It seems to me that a lot of Modern Moms (and some Modern Dads) are way too caught up in this. If we’re going to be honest with ourselves, haven’t we all witnessed on multiple occasions all of the following, in a manner far more calculated and intense than took place when we were kids:
– Parents backstabbing for their kid’s perceived social benefit
– Kids being ‘black-balled” by parents who look the other way as long as their child is still “In”
– On the flip-side, parents trying to force or guilt other parents into bringing their kid into the group
Obviously, kids separating into groups and cliques is nothing new, and we can probably all still name the kids from our childhoods who were the jocks, the brains, the bullies, the burnouts, etc. … The point is that our generation decided that the way to deal with this issue was to take it over for our kids.
We definitely need to make sure nobody is being bullied, ever! I think we parents have done a fairly nice job on this front. There is simply no excuse for doing anything less. Next, we need to do our very best to teach kids about acceptance, embracing differences and being inclusive. Basically, how to be a nice person.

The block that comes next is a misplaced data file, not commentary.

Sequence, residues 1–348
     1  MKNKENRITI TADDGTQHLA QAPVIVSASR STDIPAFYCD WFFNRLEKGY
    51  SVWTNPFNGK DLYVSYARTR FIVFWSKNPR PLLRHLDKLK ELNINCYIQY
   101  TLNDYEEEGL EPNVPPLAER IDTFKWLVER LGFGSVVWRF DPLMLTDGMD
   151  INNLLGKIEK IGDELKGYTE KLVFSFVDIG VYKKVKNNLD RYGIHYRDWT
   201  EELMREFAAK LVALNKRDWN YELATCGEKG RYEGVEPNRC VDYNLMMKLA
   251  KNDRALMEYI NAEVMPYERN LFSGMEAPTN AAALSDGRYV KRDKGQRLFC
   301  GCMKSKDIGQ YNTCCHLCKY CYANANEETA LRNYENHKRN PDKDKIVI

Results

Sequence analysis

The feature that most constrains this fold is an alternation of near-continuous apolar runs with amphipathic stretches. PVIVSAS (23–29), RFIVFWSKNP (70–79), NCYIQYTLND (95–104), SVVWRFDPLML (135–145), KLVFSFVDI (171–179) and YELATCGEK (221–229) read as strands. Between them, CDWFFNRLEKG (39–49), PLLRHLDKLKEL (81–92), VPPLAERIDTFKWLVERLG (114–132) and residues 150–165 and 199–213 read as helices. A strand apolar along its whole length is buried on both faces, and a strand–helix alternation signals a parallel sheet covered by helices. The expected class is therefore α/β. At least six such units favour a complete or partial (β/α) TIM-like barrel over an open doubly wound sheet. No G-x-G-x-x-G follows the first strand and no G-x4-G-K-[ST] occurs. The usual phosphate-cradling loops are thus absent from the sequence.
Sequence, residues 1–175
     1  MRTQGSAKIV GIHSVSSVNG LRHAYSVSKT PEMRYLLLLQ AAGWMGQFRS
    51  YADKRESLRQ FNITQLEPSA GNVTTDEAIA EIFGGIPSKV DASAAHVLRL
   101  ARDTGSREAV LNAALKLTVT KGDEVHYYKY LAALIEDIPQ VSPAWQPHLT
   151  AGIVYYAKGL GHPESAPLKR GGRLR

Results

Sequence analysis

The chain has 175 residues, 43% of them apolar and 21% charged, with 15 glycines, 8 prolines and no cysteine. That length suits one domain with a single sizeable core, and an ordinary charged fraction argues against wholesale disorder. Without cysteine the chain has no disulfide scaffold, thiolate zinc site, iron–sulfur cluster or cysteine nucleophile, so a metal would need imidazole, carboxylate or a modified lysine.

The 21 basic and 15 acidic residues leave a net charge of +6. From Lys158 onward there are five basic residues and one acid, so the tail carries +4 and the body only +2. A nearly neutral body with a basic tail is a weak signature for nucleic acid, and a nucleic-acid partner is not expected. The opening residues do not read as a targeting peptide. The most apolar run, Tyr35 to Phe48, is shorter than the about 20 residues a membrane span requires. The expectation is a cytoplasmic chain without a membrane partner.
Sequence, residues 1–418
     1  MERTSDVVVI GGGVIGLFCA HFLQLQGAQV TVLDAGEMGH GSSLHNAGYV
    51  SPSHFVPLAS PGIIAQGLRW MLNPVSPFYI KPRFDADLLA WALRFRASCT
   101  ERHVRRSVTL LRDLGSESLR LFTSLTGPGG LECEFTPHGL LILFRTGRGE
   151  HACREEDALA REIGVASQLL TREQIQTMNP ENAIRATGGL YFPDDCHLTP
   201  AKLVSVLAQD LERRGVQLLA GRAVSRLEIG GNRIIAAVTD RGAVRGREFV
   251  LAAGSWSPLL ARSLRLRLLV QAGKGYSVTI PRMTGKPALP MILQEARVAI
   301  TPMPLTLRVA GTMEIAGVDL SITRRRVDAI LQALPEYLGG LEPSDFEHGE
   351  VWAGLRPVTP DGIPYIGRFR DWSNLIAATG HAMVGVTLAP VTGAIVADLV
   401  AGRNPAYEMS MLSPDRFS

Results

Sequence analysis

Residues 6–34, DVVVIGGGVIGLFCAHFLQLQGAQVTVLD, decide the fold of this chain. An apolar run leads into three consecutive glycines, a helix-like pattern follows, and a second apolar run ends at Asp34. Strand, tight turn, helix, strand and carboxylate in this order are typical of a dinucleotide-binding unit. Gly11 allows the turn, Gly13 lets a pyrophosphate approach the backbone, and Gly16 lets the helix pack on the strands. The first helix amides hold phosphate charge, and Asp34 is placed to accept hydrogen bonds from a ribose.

But after that is said and done, WE THEN NEED TO GET OUT OF THE WAY.
Parents should understand and accept that friendships and social lives are personal choices, even for kids. We need to stop micro-managing. We are not puppeteers – we need to stop pulling those friendship strings.
I get it. Kids can be cruel and selfish. I know it’s heartbreaking to see your child left out and sad. And maybe for some it’s an ego boost when your child is surrounded by friends and socially thriving. So I understand the urge to step in when things aren’t going well for your child. And as abhorrent as it is, it’s obvious why some try to hold onto their child’s social successes by blocking others out.